| An officer searches a house after the anti-terror arrests in Blackburn, northern England. (Reuters)
Islamabad, Aug. 4 (Reuters): Pakistani officials today withheld the identity of a top al Qaida suspect caught several days ago so the US and Britain can follow through on an international crackdown against the terror group.
“The crackdown is not just restricted to Pakistan, but is on from London to the US,” information minister Sheikh Rasheed Ahmed said. The United States put well-known financial institutions on high alert against an attack on the basis of information garnered from the arrests in Pakistan.
In Britain, British police were questioning 12 men today, arrested in major anti-terror raids across the country. Over a dozen terror suspects have been caught in Pakistan over the past couple of weeks according to officials, and Ahmed said information from them had helped western allies make headway in the war on terror.
Interior minister Faisal Saleh Hayat said yesterday the al Qaida suspect has a multi-million dollar bounty on his head, but declined to name him for fear of hampering investigations.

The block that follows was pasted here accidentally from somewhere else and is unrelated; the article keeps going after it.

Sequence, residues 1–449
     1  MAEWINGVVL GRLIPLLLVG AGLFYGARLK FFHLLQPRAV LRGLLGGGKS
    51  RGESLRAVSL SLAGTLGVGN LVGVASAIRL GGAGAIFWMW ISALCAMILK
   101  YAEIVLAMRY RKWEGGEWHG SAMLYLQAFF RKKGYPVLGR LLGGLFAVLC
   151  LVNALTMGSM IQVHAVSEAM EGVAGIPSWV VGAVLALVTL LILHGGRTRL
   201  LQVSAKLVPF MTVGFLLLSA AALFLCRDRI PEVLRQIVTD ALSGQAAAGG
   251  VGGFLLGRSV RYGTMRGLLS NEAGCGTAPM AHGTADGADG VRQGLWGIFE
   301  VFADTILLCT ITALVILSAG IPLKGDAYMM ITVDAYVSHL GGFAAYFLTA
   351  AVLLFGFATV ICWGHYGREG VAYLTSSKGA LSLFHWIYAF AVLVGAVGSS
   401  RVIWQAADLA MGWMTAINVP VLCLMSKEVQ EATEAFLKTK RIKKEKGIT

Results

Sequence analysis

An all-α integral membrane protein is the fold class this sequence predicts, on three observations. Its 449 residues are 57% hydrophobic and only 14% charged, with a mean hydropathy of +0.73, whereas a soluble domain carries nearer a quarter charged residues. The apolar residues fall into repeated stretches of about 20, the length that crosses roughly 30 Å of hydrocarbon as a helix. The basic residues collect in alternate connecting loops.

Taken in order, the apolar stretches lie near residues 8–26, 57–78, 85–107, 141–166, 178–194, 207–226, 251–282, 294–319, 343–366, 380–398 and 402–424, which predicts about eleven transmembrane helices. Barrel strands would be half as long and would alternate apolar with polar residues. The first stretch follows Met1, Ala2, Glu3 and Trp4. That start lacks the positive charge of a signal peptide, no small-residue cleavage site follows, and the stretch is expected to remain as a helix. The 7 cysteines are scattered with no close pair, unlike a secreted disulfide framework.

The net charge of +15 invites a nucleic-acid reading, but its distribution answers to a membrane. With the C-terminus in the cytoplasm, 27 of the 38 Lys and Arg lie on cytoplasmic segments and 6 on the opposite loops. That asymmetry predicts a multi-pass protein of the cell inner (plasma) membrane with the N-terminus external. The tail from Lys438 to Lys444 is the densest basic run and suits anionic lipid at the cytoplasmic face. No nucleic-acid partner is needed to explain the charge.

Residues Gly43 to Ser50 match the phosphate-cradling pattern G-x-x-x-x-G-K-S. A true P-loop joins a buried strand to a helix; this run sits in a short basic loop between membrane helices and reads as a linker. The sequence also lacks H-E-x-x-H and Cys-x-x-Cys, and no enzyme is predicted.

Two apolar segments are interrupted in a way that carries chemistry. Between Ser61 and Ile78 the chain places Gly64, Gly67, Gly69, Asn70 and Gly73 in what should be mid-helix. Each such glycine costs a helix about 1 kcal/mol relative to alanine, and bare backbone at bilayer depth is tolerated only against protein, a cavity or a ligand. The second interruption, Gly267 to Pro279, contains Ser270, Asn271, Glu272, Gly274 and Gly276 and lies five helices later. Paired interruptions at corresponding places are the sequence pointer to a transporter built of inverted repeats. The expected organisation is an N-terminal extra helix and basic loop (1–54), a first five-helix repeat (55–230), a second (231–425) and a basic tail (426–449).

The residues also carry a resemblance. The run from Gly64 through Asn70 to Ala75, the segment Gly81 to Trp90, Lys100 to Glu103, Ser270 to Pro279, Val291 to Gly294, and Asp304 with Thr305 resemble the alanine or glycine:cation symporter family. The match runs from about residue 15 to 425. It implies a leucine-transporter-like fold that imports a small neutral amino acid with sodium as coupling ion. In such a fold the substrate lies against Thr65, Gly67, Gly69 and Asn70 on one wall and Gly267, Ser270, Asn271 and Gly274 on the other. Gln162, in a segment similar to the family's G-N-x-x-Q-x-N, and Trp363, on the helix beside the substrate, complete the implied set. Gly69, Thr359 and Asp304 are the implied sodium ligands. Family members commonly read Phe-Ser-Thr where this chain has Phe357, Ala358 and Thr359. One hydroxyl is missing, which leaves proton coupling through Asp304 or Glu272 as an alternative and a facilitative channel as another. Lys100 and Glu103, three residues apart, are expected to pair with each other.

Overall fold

Ahmed said the suspect was of African origin, like Ahmed Khalfan Ghailani, a Tanzanian caught more than a week ago who carried a $5 million bounty on his head for his part in the 1998 US embassy bombings in Africa.
Intelligence sources said yesterday one of the men picked up was from Sierra Leone, while other media reports say two South Africans were being held.
There is a clear focus on Africans, and a senior interior ministry official, who spoke on the condition of anonymity, said about 150 to 200 of them were detained for interrogation.
The spate of arrests began with the capture of Muhammad Naeem Noor Khan, alias Abu Talha, a Pakistani computer engineer, in the eastern city of Lahore last month.
Information extracted from Khan, who acted as the e-mail postman for coded messages passed between al Qaida members, led to the capture of Ghailani in Gujarat, Punjab province.
In Britain, few details have emerged about yesterday’s operation but newspapers speculated that police had targeted suspected al Qaida cells.
Security services say foreign al Qaida operatives are active in the UK and that there is also a threat from Britons sympathetic to the ideology of Osama bin Laden.
Police said only that the men, in their 20s and 30s, were suspected of “being involved in the commission, preparation or instigation of acts of terrorism” and were arrested as part of a pre-planned, intelligence-led operation.
“Nothing hazardous” such as chemicals or bomb-making equipment had been found, a police source said, adding all the suspects were believed to be Asian. A 13th man arrested in the raid was freed without charge.
Police declined to say whether there was a link between intelligence from Pakistan and the UK raids, which took place in northwest London and in the southern English counties of Hertfordshire and Bedfordshire as well as the northwestern area of Lancashire.